Seagull Spirit Animal
Why do you spot “sea” gulls thousands of miles from the ocean? Do you know if all sea gulls look alike or how many places on earth they can be found? Have you stopped to think where you would find a seagull’s nest or chicks? Have you considered how gulls fish?
These were all questions I didn’t have the answer to before the summer of 1999. Then I was offered the opportunity to work with a PhD student from the University of Washington. She was studying Glaucous-winged x Western Hybrid Gulls on the Washington coast.
Quickly I learned that gulls were the unseen birds in my life. I didn’t even have the basics down. First of all, ornithologists refer to seagulls as just plain “gulls” instead of sea gulls. The distinction is made because not all gulls rely on the ocean for their livelihood. Secondly, there was no one species of bird called a seagull. There are more than four dozen species with various plumages, life histories, and habits. This fact alone opened up an entirely new world to me.
Many people, young or old, who first enter into birding have this original epiphany about the nature of things. What they used to think was a “finch” now could be any number of species of finch from a purple finch to a pine siskin.
What in your life have you been glancing over with the assumption that you know what you’re looking at? Remember that just because a bird or animal or topic or activity is plain doesn’t mean it’s worth dismissing. Stop and take a look. When exploring what does seagull mean as a spirit animal, it might be time to immerse yourself in the ordinary to start to understand how nothing in life is such.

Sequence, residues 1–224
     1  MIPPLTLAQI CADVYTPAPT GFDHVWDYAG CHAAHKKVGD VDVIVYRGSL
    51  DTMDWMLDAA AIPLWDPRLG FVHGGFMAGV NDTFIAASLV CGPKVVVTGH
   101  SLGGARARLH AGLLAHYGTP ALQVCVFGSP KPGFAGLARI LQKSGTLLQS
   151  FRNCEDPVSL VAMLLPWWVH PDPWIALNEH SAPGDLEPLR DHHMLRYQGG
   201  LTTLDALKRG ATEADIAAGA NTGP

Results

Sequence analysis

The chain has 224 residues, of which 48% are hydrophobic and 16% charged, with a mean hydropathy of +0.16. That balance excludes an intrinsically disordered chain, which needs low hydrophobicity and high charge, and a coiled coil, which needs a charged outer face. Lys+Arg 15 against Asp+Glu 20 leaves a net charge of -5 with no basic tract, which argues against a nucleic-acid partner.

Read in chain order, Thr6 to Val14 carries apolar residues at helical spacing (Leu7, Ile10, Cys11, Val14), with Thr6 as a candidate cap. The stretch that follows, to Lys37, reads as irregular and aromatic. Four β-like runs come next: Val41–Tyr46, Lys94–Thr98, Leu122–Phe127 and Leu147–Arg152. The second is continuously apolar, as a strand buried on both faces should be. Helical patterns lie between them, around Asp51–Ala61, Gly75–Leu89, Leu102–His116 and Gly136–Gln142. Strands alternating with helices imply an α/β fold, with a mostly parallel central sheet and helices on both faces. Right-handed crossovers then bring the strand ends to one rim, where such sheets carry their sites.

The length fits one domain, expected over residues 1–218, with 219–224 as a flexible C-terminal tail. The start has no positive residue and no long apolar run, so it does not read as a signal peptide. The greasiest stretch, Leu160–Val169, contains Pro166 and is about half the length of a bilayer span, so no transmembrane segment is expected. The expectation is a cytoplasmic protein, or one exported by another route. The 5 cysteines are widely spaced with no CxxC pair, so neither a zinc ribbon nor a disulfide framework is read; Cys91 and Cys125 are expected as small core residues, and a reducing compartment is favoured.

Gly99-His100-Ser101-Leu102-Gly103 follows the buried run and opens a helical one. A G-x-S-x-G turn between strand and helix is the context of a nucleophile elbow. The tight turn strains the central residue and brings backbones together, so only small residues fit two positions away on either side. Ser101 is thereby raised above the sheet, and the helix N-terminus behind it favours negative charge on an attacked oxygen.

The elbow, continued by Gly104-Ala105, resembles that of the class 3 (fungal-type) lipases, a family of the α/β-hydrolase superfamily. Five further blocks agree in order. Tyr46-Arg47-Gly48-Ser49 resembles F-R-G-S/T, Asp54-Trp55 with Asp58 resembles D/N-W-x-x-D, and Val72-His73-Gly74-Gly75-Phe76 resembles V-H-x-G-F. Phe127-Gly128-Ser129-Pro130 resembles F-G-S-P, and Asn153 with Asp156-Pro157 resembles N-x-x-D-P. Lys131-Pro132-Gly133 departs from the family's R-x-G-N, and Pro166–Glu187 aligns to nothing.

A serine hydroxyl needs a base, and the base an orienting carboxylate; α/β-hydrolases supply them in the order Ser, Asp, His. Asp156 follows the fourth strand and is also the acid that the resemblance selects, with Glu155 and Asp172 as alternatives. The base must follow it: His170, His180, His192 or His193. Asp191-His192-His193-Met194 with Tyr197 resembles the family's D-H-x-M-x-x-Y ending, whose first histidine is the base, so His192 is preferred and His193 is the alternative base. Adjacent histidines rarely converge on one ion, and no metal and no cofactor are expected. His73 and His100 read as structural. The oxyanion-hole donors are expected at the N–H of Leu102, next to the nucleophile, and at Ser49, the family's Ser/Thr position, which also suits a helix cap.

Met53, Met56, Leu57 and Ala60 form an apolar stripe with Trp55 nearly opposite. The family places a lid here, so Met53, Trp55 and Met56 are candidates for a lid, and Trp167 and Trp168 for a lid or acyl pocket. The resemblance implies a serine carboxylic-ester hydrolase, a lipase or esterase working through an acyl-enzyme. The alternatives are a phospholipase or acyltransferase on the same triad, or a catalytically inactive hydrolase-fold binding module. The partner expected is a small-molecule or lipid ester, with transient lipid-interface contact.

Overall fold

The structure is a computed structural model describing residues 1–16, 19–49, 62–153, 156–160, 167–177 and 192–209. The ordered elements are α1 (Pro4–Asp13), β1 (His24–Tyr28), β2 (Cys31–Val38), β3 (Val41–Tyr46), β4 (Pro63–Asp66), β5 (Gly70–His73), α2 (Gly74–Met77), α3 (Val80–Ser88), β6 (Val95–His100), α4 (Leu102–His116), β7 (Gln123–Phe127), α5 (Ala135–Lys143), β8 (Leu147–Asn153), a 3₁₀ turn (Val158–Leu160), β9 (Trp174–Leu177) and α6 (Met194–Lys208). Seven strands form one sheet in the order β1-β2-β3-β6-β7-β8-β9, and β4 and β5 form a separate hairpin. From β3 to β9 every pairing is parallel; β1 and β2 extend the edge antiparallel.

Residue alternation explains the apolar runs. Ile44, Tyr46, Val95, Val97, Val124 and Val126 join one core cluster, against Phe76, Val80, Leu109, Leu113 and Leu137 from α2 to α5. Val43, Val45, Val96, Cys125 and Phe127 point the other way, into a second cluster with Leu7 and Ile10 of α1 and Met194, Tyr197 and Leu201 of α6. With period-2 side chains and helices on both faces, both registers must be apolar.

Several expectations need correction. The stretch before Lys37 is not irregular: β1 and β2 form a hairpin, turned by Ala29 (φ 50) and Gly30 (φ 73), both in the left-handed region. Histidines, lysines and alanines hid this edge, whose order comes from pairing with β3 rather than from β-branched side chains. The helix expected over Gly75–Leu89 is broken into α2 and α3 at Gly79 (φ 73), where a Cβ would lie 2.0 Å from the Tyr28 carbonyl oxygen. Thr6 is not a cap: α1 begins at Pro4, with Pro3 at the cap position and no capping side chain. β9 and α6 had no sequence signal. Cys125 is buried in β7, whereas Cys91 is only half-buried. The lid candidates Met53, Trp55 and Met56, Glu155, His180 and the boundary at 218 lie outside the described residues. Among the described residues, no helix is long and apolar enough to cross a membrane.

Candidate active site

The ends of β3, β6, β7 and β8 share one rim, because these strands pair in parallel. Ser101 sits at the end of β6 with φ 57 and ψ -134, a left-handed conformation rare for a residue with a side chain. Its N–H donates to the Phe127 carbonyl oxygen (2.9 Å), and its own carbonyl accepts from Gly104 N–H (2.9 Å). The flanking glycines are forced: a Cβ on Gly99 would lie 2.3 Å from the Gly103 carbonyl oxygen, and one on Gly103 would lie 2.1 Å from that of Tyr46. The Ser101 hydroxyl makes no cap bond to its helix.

Once I had the amazing opportunity to trap and hold a live gull in my hands I was overtaken with how magnificent he was. His white head and breast, and bright yellow beak marked by a striking blood red dot were extraordinarily clean. I felt as if I’d never seen such pure, true colors in the natural world. To see these true colors amidst the muted sky, gray sea, and beige shore made him that much more blazing. His waterproof coat of feathers was luxurious.
And, that was just his appearance. His spirit was fierce and strong. The gaze from his small but complex eye was what I would have expected to encounter from a hawk or tiger.
A study conducted in 1976 confirmed that gulls are actually attracted to their predators. A colony’s alarm regarding the predators is strongest when the predators were seen previously with a dead bird . The birds are able to distinguish particularly lethal threats.
I remember the experience of walking uninhabited, sandy islands in the middle of broad harbors with a swarm of gulls overhead calling the alarm. Oftentimes, a bird would fly low and look me straight in the eye. There was nothing gullible or ordinary in that glance. They were acutely aware of what I was up to and on watch for any danger I presented.
What Does Seagull Mean?
Gulls are consummate opportunists, thus the reason why we see them so often associated with human civilization. They can hunt for their own fish and crabs or steal catches from other seabirds. Gulls will beg for crumbs from tourists and scavenge the shore for crustaceans buried in a pile of kelp. They are also relatively bold, willing to bob around in the fray of a busy feeding frenzy and snatch any opportunity that comes by even if it happens to be hanging out of the mouth of a seal. Western gulls will steal milk from lactating seals. Glaucous-winged gulls have been seen hunting live, terrestrial prey such as rodents .